INSTALLATION AND COMMISSIONING AAT were engaged as contractor in 1986 to supply and install the gas locked syphon decanters on Perisher No 2 plant and after its successful operation were again contracted in 1989 to similarly modify Perisher No 1 plant. In both cases the decanters were fabricated in Sydney, and then were transported to Perisher Valley in sections. These were bolted together on site. Installation took approximately one week using a three man team. During the commissioning of the No. 2 plant decanters it was found that insufficient air was flowing into the decanters when the solenoid valves opened to stop the water flow at the end of the decant. This was due to the high level of air entrainment in the flow as it passed from the main headers into the u-tube and the resulting suction effect holding the solenoid valves closed. The problem was solved by increasing the throat area of solenoid valves letting air in and out of the decanters and making the solenoid valves directacting rather than pilot-operated. No such problems occurred on the subsequent installation on No. 1 plant.
KOSCIUSKO WATER STUDY PROCEEDS The two-year study to survey the water quality of the lakes and streams in the Kosciusko area is now underway. The joint study, co-ordinated by the State Pollution Control Commission, involves the regular monitoring of the area's waterways with the aim of producing a report by the end of 1991 on the quality of the water and the possible impact of future development on water quality. The Snowy River Shire Council is responsible for monitoring water quality in the Snowy River, Mowambah (Moonbah) River, Wollondibby Creek, Little Thredbo and the Thredbo rivers. Sampling will be carried out every month on the first three rivers and every two months on the Little Thredbo and Thredbo rivers. The studies are scheduled to be completed by February 1991. The Snowy Mountains Authority, which is working in another survey area in conjunction with the Department of Water Resources, has begun its water quality monitoring program. The SMA will be monitoring the inflows to Lake Jindabyne and the outflows from the lake. 24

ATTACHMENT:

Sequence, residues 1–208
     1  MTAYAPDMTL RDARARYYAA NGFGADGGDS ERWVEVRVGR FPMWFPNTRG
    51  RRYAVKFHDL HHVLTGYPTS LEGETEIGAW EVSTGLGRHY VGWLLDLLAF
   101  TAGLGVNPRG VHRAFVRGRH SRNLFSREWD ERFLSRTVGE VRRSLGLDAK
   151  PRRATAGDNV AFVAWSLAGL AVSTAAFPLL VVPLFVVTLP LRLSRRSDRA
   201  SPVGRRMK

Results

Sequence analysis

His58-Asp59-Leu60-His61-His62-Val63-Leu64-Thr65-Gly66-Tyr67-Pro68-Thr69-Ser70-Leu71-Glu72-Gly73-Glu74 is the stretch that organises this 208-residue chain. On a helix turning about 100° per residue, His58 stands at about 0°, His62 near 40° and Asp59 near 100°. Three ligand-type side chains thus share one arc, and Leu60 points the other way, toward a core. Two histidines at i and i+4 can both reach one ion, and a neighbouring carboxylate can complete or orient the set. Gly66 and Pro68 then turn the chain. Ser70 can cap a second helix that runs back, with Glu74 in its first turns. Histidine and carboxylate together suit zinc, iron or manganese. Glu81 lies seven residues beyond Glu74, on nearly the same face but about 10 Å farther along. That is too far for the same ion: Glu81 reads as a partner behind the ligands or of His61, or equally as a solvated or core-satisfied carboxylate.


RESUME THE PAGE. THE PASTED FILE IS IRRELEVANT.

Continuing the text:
WATER A ugust, 1989
OPERATION AT PERISQ.ER The decanters on No. 2 plant have operated successfully at Perisher Valley producing consistent suspended solids results from a reasonable range of MLSS and SVI situations. The decanters on No. 1 plant have just been commissioned for this ski season. The flow control method has been described earlier. The effectiveness of this control can be seen from Figure 2 which has been replotted from the plant level recorder. For small and medium decants the flow rate is reasonably constant. A distinct slowing of the decant rate is often apparent on the plant level recorder when the solenoid valves are open at the beginning of the decant. This is due to air entrainment in the u-tube. The flow rate can be seen to increase when the solenoid valves are shut prior to the syphoning part of the decant. Peak flow rates are usually within 200Jo of the mean decant rate. The decant rate does appear to increase significantly with larger decants indicating a possible need for more flow control. The flow variations that exist do not appear to be detrimental to operation although peak flow rates do not appear to be approaching critical conditions as defined by the densimetric Froud No. (1). The performance of the decanters is assessed by non-filterable residue content of effluent. Composite samples taken througl;l a decant period in 1987-88 from Perisher No. 2 gave results between 5 and 15 mg/ I but typically below 10 mg/ I. There appears to be no correlation between SVI and MLSS and hence sludge blanket levels and NFR in effluent. There is no indication that NFR level increased towards the end of the decant indicating a Mode 2 or 3 failure. From this it can be assumed that the NFR of the effluent is not dependent on the location of the sludge blanket over the range studied. MLSS levels at or above design have been achieved with average SVI sludge. Operation of No. 1 plant decanter will be assessed during the 1989 ski season.
REFERENCES Witheridge, G. M. and Wilkinson, D. L. (January 1988). Hydraulic investigations into decanting from IEA wastewater v eatment plants. Research Report No. 172. University of New South Wales Water Research Laboratory, Manly Vale, NSW, Australia.
NEI JOHN THOMPSON The Directors of Resources Conservation Company International (RCCI) of Seattle USA announce the appointment of NEI John Thompson (Australia) of Sydney NSW to exclusively represent them in Australia, New Zealand and selected South East Asian countries for the design and construction of Zero Liquid Discharge Plants and systems for: * Cooling tower blowdown * Process wastewater * Demineralizer regenerant waste * Ash pond/ scrubber blowdown * Cooling lake * Plant drain * Boiler blowdown * Reverse osmosis reject * Electrodialysis reject * Salty effluents * Softener waste